As has long been a trademark of his storied career, Fedor Emelianenko is laser-focused on his next fight. Any additional drama is of no concern to him.
And he’s maintaining that stance even if a meeting with a fighter known for stirring up controversy could lay ahead of him.
Emelianenko meets Frank Mir in the main event of Bellator 198 this Saturday at the Allstate Arena in Chicago, and a win over the former UFC champion puts him the semifinals of the Bellator Heavyweight World Grand Prix tournament. Waiting for him in round two is notorious trash talker Chael Sonnen, who outpointed Quinton “Rampage” Jackson in January to advance.
Appearing on The MMA Hour on Monday, Emelianenko was asked if he was concerned about having to deal with the head games that Sonnen might employ ahead of their potential matchup.
“I don’t think that I need to answer anything that Chael Sonnen said about me,” Emelianenko said via a Russian translator. “To speak about Chael Sonnen and the fight with Chael Sonnen, I think we’ll be able to after the fight with Frank Mir. So we have to finish that fight first and then, if that’s God’s will, I’ll face Chael Sonnen.”
There was a time when it would have been easy to picture Emelianenko storming through this tournament, taking care of Mir, Sonnen, and whoever else was put in his way. “The Last Emperor” will forever be known for his mythical 28-fight unbeaten run in the 2000s that saw him defeat almost every notable heavyweight of the era, including Antonio Rodrigo Nogueira, Mirko Cro Cop, Mark Coleman, Kevin Randleman, Andrei Arlovski, and Tim Sylvia.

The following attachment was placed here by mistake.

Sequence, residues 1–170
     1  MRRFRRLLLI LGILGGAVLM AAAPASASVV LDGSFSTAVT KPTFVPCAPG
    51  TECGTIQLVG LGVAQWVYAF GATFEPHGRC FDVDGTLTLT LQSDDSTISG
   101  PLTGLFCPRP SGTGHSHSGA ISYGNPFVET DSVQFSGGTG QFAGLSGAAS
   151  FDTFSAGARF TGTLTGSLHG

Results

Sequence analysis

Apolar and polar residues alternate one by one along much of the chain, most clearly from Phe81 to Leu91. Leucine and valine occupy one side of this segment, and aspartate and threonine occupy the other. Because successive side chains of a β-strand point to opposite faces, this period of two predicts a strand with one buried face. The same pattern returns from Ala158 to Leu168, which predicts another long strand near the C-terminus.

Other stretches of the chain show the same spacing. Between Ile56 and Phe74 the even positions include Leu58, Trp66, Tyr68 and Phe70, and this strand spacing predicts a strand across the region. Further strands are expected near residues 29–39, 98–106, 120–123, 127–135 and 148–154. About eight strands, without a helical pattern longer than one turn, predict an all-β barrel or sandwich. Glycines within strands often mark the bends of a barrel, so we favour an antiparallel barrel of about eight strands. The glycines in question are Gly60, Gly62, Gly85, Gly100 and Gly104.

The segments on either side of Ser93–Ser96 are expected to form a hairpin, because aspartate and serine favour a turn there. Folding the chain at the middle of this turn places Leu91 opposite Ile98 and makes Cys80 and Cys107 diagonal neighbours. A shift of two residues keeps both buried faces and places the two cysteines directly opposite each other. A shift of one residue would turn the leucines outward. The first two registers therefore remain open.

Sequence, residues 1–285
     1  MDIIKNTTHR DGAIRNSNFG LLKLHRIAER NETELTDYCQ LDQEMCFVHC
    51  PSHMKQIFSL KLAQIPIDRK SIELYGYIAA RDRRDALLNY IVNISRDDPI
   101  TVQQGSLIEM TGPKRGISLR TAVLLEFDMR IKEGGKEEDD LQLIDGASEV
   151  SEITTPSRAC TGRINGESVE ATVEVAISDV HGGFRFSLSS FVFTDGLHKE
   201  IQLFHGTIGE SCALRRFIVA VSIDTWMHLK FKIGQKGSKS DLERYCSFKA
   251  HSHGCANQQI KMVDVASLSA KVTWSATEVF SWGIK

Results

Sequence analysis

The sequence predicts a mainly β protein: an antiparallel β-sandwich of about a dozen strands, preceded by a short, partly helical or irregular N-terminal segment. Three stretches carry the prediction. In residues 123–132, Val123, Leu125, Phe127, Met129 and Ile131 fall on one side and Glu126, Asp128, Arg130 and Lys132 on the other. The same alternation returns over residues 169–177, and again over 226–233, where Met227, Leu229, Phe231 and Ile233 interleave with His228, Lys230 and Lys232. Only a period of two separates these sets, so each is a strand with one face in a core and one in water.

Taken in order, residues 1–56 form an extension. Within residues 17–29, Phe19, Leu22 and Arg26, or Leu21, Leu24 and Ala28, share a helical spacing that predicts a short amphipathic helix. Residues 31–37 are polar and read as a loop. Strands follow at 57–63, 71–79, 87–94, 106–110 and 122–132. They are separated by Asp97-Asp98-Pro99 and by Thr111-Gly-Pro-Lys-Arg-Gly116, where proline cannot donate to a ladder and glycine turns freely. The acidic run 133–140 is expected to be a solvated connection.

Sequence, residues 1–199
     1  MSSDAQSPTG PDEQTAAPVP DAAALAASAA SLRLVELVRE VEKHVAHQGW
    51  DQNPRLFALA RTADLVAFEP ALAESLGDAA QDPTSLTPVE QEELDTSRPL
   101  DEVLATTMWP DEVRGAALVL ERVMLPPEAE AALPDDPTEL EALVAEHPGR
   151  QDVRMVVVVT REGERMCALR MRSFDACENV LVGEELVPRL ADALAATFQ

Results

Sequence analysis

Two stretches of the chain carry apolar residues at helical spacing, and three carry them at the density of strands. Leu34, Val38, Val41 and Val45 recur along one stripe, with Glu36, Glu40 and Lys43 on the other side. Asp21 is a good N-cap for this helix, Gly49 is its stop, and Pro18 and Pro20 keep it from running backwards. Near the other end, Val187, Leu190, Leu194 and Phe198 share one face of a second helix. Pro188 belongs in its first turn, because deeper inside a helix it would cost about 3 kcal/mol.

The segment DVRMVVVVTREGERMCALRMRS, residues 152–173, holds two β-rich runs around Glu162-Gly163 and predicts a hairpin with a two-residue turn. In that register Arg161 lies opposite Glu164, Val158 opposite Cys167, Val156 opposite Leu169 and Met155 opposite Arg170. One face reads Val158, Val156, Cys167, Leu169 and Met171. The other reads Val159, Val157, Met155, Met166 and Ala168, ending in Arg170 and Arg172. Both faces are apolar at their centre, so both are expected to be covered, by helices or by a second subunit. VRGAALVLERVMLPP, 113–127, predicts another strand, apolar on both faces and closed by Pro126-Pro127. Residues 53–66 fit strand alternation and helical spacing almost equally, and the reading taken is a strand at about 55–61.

That streak ended in 2010 at the hands of Fabricio Werdum, and Emelianenko has gone 5-4 in his last nine fights, with a 74-second knockout loss to Matt Mitrione snapping a five-fight winning stretch last June.
There are now concerns about the 41-year-old Emelianenko’s durability (all four of his recent losses have come by way of knockout or submission) and the fact that he’s taking on Mir, who looked considerably larger than Emelianenko when the two faced off at a recent press event.
“Actually, when I met Frank, I saw that he really became bigger, so he became heavier,” Emelianenko said. “But I don’t see any problem with that. I don’t think size is a big problem, for me the most significant thing is the knowledge that the fighter gets and the shape that the fighter gets after he prepares for a fight and in my career I did have many fights where the opponents were much bigger than me.”
The other issue that Emelianenko could be facing is that he has struggled to replicate the same success he’s had in the ring when he’s had to fight inside of a cage. There are various reasons why this may be, but Emelianenko doesn’t see any connection and he said he feels “comfortable” in either environment.
However, there has been at least some emphasis on cage work in this training camp.
“Yes, certainly during my camp I did work in the cage and I did have the sparring in the cage as well,” Emelianenko said. “I can tell you that recently during the last time I exercised, I worked out, I trained in the cage, not in the ring.”
What does matter to Emelianenko is adding Mir to the list of world champions that he has competed with in MMA. Mir held a UFC title in 2004, when Emelianenko was in Japan’s Pride promotion at the peak of his reign as arguably the greatest heavyweight who’s ever lived.
Getting to finally test himself against Mir was all the motivation Emelianenko needed to prepare himself for Bellator 198.
“Frank was the champion of the UFC and our fans have been waiting for this fight for a pretty long time and I think that will be a great fight and for me, that’s a remarkable event as well,” Emelianenko said.